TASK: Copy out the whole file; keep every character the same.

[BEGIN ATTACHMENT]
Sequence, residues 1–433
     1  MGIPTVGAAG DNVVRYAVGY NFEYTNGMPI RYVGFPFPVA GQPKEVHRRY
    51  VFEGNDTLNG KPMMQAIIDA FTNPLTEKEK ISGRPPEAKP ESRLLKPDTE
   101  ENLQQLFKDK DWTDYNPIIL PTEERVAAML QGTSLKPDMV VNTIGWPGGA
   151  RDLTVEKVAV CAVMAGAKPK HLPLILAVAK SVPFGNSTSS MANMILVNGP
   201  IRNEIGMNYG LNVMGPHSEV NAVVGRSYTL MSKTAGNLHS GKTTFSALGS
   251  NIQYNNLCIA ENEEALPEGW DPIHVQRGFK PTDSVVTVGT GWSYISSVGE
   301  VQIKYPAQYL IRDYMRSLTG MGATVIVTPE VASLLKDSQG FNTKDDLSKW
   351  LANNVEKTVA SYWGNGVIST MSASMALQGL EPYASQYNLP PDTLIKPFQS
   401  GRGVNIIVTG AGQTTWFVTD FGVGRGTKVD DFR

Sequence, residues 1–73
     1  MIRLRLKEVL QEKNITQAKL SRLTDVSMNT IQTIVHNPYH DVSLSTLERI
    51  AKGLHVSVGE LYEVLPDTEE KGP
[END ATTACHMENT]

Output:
Sequence, residues 1–433
     1  MGIPTVGAAG DNVVRYAVGY NFEYTNGMPI RYVGFPFPVA GQPKEVHRRY
    51  VFEGNDTLNG KPMMQAIIDA FTNPLTEKEK ISGRPPEAKP ESRLLKPDTE
   101  ENLQQLFKDK DWTDYNPIIL PTEERVAAML QGTSLKPDMV VNTIGWPGGA
   151  RDLTVEKVAV CAVMAGAKPK HLPLILAVAK SVPFGNSTSS MANMILVNGP
   201  IRNEIGMNYG LNVMGPHSEV NAVVGRSYTL MSKTAGNLHS GKTTFSALGS
   251  NIQYNNLCIA ENEEALPEGW DPIHVQRGFK PTDSVVTVGT GWSYISSVGE
   301  VQIKYPAQYL IRDYMRSLTG MGATVIVTPE VASLLKDSQG FNTKDDLSKW
   351  LANNVEKTVA SYWGNGVIST MSASMALQGL EPYASQYNLP PDTLIKPFQS
   401  GRGVNIIVTG AGQTTWFVTD FGVGRGTKVD DFR

Sequence, residues 1–73
     1  MIRLRLKEVL QEKNITQAKL SRLTDVSMNT IQTIVHNPYH DVSLSTLERI
    51  AKGLHVSVGE LYEVLPDTEE KGP